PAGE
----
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AEW vs. NXT: Who won the ‘Wednesday Night War’?

Let’s discuss the aftermath of wrestling’s latest large scale conflict.

Ulysses S. Grant once said, “war…war, never changes” while he was frantically switching between TNT and the USA Network to watch both AEW: Dynamite and NXT. The 18th President of the United States has spent many forth-Wednesdays keeping watch over the “Wednesday Night War”. With furrowed brows, he’d yell, “ALEXA, put on USA” whenever Dakota Kai would be near, feverishly change to AEW whenever Kenny Omega would appear, and would always, always lash out on Twitter whenever JR would say something reckless or sexist. But now, the man who led The Union Army against The Confederacy during the Civil War can rest easy. NXT is moving to Tuesdays and he can now watch Io Shirai and John Silver in peace.

Listen to the latest episode of our weekly wrestling podcast, PTW!

Of course, we’re kidding.  Ulysses S. Grant *spoiler alert* passed away in 1885 and everyone knows he only watched NJPW. But jests aside, it seems that the “Wednesday War” has come to an end now that NXT is moving to Tuesdays. As with any war, it now falls on us to determine the ramifications of it. Join us below as Jay and Darius try to make sense of all this fall-out. 

Is NXT making the right call by moving to Tuesday nights and who stands to gain more?

Darius: I absolutely think NXT moving to Tuesday nights is a great move for both shows. If this had happened pre-pandemic, I’d say it helps NXT the most, as NXT was trying to establish itself as a third main roster brand and having them set up in Full Sail while Dynamite was on a big old TV show made them look lesser by default. But during this era where it’s Daily’s Place vs CWC every week, and the presentation nearly balances out (live outdoor crowd vs high-tech TV world), I think this swings back around to being better for AEW.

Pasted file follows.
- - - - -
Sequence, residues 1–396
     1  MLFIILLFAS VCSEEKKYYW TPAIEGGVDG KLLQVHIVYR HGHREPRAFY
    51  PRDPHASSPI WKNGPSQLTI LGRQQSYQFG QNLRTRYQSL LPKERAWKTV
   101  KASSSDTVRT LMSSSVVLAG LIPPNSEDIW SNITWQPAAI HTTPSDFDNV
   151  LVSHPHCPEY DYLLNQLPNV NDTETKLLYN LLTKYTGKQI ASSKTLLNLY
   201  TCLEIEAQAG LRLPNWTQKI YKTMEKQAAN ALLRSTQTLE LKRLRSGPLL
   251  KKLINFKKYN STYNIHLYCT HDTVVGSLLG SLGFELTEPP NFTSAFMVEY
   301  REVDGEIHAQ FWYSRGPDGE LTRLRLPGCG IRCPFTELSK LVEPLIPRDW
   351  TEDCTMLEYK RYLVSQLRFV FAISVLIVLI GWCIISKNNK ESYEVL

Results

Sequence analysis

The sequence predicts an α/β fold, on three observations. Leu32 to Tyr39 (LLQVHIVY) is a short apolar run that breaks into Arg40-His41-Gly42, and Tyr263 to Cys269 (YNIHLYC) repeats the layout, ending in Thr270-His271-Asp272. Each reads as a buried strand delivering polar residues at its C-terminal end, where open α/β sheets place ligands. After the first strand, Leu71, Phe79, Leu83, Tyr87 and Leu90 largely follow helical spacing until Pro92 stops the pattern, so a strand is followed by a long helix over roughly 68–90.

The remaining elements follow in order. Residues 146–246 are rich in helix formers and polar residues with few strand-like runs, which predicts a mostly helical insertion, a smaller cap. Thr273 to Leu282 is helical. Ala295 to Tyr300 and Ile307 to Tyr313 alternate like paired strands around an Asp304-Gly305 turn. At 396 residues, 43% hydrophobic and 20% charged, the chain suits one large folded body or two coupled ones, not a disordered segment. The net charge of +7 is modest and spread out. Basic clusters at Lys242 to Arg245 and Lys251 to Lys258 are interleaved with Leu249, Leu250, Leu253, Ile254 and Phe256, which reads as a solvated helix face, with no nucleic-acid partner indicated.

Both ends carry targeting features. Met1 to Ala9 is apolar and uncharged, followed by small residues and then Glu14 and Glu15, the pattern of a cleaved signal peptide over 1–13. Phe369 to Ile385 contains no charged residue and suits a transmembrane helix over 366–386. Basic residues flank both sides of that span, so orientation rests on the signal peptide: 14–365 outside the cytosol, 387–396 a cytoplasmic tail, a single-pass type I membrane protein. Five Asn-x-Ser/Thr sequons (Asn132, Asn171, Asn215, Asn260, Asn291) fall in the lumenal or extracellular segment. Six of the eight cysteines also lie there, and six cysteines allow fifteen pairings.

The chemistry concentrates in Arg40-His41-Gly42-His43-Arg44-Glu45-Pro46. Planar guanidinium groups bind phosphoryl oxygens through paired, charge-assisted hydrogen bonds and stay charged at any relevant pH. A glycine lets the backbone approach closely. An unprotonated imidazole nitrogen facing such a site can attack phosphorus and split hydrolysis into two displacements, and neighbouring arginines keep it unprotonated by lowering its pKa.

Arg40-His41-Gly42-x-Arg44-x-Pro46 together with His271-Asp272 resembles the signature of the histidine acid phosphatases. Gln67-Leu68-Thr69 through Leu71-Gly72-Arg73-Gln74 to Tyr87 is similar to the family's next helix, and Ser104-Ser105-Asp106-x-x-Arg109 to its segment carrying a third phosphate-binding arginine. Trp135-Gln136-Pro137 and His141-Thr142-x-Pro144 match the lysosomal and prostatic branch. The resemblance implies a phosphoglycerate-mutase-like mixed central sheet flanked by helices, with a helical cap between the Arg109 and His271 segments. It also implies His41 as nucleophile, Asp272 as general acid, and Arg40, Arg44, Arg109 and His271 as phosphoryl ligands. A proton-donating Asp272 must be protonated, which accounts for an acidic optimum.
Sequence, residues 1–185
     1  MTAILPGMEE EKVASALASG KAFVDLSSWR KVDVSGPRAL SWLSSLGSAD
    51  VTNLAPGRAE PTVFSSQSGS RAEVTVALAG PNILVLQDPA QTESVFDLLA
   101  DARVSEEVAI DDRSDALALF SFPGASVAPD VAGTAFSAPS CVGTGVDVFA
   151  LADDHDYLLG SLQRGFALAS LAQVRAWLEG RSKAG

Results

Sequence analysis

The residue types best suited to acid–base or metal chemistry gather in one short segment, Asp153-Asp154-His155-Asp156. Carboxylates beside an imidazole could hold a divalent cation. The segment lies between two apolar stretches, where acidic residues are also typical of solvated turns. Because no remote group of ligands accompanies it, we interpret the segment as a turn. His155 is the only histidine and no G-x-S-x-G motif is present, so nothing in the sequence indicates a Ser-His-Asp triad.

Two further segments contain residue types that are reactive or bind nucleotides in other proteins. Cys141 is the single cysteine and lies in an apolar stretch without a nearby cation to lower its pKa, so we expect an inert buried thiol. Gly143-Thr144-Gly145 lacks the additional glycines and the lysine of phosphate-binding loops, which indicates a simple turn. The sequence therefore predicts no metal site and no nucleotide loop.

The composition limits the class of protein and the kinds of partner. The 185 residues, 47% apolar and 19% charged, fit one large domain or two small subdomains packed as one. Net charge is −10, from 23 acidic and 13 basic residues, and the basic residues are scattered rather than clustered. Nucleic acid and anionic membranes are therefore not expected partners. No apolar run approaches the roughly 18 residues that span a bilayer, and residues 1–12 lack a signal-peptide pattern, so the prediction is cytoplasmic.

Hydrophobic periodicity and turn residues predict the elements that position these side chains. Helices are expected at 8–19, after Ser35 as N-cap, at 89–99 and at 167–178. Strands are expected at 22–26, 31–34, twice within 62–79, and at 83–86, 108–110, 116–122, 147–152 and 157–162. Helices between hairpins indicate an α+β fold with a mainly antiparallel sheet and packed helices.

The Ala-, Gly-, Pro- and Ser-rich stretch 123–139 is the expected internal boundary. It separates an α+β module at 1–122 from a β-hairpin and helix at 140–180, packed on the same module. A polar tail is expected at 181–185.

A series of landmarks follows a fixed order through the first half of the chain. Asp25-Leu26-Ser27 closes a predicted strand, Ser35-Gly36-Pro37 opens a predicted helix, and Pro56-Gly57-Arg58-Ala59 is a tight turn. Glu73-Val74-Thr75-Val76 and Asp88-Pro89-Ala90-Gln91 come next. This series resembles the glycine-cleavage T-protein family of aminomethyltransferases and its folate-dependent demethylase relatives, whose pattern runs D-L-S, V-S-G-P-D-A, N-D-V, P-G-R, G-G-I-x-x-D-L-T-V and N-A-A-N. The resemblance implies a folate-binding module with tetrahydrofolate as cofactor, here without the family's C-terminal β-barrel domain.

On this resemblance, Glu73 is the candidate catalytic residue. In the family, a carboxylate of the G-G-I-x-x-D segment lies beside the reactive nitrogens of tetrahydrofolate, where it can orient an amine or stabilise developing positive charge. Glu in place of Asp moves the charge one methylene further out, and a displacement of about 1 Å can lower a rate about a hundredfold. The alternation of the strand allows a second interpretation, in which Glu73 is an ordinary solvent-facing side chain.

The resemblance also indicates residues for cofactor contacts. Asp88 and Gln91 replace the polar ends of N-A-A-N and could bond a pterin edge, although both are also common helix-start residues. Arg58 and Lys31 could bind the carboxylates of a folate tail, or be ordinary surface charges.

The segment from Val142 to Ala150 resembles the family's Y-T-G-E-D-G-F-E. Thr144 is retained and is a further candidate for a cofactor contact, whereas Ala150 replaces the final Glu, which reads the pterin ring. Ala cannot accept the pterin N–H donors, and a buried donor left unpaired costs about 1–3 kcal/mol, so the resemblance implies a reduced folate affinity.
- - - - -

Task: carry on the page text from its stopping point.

The conversation needs to stop being AEW vs NXT and become more about AEW establishing itself as an alternative to WWE as a whole. I don’t envision a future near or far where AEW ever overtakes WWE or anything like that, but by no longer having to run up against WWE’s “third show,” they automatically rise up a level.

Jay: NXT is making the right move. NXT’s mission statement is to provide a platform for their younger, emerging stars to hone their skills for the main-roster while providing the WWE fanbase a more, “hardcore,” alternative to traditional WWE. NXT has been long beloved by WWE fans for providing exactly that but they were out-gunned by AEW, and AEW, in contrast to NXT, provided already established stars that the hardcore audience was already familiar in an environment that was inherently an alternative to WWE. In short, AEW did NXT better than NXT did, and it stopped NXT from fulfilling its prime directive. It’s a bitter pill to swallow but the black and gold brand moving to Tuesday is better for their wrestlers and their brand.

Can AEW consider this a victory against WWE?

Darius: I would say so. It’s not a huge win at the level of Raw beating Nitro or anything, but it certainly ranks higher than Raw beating Impact. NXT was a Wednesday show forever, and while Dynamite initially shot for Tuesdays, and when TNT’s schedule put them on Wednesdays they were suddenly invading WWE’s spot. With NXT being the one to move, it’s certainly a win for The Elite and company.

Also, just statistically speaking, Dynamite slaughtered NXT. AEW got more viewers 63 weeks to NXT’s 10 (and they surprisingly tied twice). And if we only speak the mystical language of ratings, AEW won 74 to 1. I’d say this is a win.

Jay: No, AEW barely beat WWE JV’s team. AEW is a young promotion that came into being by gathering just about every single reputable professional wrestler not locked into a long-term contract and, serendipitously, were fortunate enough to sign Chris Jericho and Jon Moxley. They then, rather impressively and inspiringly, went on to produce a wonderful, can’t miss, weekly program and to date have yet to produce a stinker in 1.5 years. Using that momentum, they went on to sign Christian Cage, Matt Hardy, the late Brodie Lee, and even one the last stalwart icons from The Monday Night Wars era, Sting; and seemingly entered into a cooperation with Impact and NJPW.